Support Intelligent, In-Depth, Trustworthy Journalism.
In a blistering editorial, journalists at the Denver Post sounded the alarm about years of devastating job cuts and took the newspaper’s own hedge fund owners to task, begging to be sold. Amna Nawaz speaks to Chuck Plunkett, editorial page editor of the Denver Post, who co-wrote the editorial.
Newspapers around the country continue to face steep problems. In many cases, especially for midsize papers, layoffs and buyouts are far from over.
This weekend, journalists at The Denver Post sounded the alarm with a blistering stop-the-presses-style editorial that took the paper's owners to task.
Amna Nawaz looks at why editors there took this most unusual step.
The front-page editorial came after years of devastating cuts ordered by Alden Global Capital, a New York City hedge fund that stepped in to buy the paper in 2010.
In it, the editorial page editors referred to Alden as vulture capitalists and wrote, "Denver deserves a newspaper owner who supports its newsroom. If Alden isn't willing to do good journalism here, it should sell The Post to owners who will."
Just today, two dozen more staffers left The Post, the latest in a series of layoffs that have taken the 125-year-old paper from a newsroom of 250 journalists to fewer than 100.
The Post's parent company is one of the biggest newspaper chains in the country, with more than 90 papers in cities like St. Paul, Boston, and San Jose.
Several of these newsrooms have gone through staff reductions. But none of these papers so far have quite done what The Denver Post has, publicly calling out their owners and begging to be sold.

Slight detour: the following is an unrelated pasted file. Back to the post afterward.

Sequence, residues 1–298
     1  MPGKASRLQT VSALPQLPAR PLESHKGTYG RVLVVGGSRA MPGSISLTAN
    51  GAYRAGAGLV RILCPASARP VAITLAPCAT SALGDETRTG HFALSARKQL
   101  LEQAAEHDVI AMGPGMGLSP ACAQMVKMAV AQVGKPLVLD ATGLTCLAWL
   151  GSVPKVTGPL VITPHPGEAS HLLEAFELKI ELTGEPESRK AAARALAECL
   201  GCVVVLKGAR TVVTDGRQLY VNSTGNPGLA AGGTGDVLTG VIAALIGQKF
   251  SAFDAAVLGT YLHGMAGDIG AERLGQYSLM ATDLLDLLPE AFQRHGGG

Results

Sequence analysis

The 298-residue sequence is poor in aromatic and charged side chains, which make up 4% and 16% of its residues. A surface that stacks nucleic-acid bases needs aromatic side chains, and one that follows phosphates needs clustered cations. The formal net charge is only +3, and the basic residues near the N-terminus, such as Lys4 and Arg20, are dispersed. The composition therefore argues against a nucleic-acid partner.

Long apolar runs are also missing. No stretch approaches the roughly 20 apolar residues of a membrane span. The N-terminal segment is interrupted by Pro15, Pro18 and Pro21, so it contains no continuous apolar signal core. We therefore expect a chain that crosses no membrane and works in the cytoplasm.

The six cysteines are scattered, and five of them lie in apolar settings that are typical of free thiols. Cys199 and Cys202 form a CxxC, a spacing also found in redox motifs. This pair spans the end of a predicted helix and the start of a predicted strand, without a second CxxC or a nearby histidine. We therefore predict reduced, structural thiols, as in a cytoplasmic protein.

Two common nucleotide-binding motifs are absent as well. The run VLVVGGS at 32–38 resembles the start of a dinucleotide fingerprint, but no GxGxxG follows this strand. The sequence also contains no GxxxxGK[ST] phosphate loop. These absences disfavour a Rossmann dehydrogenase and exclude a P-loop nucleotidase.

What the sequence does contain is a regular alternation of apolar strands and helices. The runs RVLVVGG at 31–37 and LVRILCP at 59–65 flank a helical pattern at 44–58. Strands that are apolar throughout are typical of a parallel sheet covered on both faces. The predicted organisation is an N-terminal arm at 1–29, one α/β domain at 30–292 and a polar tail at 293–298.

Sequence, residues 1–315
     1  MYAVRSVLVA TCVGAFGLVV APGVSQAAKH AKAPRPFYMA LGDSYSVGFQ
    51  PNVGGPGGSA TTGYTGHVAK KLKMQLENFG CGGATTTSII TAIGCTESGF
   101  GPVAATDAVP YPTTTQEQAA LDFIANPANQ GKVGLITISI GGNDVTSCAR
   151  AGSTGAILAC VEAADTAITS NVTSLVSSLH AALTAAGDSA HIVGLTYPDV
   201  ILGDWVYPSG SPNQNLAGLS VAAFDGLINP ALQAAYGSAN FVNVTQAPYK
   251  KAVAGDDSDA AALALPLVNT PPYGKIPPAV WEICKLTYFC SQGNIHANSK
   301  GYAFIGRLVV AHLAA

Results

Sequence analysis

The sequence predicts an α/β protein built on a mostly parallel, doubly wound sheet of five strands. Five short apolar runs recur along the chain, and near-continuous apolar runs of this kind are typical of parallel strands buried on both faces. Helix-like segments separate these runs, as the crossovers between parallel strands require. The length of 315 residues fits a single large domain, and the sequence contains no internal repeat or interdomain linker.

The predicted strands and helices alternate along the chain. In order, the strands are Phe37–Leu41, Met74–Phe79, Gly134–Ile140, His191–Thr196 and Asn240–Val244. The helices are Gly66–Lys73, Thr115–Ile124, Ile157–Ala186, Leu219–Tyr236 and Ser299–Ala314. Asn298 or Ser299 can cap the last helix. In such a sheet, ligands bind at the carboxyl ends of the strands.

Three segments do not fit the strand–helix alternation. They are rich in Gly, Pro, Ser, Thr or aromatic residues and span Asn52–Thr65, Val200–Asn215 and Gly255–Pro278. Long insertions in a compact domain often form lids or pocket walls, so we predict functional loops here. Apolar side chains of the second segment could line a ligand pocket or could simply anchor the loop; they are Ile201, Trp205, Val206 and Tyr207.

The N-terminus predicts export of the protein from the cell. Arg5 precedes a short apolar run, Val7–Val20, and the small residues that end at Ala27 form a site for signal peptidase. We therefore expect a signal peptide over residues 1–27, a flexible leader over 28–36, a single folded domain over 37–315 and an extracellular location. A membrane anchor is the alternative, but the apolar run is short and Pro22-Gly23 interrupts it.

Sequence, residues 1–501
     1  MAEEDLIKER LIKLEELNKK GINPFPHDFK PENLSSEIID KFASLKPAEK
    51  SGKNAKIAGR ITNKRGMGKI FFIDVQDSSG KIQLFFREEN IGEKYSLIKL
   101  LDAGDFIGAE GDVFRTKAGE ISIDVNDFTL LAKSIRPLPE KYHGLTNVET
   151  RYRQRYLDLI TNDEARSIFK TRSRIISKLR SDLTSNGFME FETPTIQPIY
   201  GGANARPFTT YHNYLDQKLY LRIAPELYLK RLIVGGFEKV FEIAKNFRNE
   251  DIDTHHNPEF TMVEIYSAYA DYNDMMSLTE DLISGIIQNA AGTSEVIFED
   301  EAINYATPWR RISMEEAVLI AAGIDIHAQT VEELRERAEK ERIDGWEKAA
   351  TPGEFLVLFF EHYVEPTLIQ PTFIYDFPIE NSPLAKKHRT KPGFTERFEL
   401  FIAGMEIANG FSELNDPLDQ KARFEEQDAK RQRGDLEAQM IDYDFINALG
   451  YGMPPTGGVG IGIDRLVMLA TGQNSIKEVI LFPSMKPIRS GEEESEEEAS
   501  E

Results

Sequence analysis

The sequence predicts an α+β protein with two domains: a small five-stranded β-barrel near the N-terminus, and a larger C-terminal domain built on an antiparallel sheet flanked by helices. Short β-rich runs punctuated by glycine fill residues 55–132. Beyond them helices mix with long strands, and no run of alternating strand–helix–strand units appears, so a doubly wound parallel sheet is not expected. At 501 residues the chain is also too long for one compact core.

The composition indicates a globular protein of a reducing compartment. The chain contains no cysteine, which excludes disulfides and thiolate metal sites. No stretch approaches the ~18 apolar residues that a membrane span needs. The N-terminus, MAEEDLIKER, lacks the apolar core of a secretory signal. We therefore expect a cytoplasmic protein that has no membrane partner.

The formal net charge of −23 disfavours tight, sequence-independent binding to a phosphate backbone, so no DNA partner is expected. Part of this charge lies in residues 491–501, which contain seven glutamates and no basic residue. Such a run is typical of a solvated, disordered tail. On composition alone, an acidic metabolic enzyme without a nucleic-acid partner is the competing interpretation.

Joining me now, Chuck Plunkett, editorial page editor of The Denver Post, who co-wrote the editorial.
And I want to begin by just asking you, why? Why take this extraordinary move, why in this particular way, and why now?
Well, you know, news — and thanks for having me.
Newspapers have a proud tradition of calling out the powerful, being the voice for the voiceless. And we even have a tradition that we run letters to the editor and op-eds written by outsiders who are critical of our work.
On the editorial page, we are critical of government and private businesses who we don't feel are living up to the job that they are supposed to perform.
And in this situation, we believe that our owners are failing their readers, not just in Denver, Colorado, but in their many holdings across the United States, and that it was only proper to call them out and ask for better.
But this is a pretty drastic move, I think it's fair to say. It's an extraordinary step.
Help me understand a little bit more about what exactly is at stake.
Well, we're under extraordinary conditions.
When I first joined The Post midway through 2003, it was at its peak. There were more than 300 journalists. We had five mountain bureaus. We had a large political team.
And over the years, that has downsized. Some of that is because of market forces, which I totally understand. But we have seen that cities that are our size and larger or smaller — I mean, our size or smaller population have newsrooms that are much larger than The Denver Post, even when we were at where we are presently today, which is just under 100.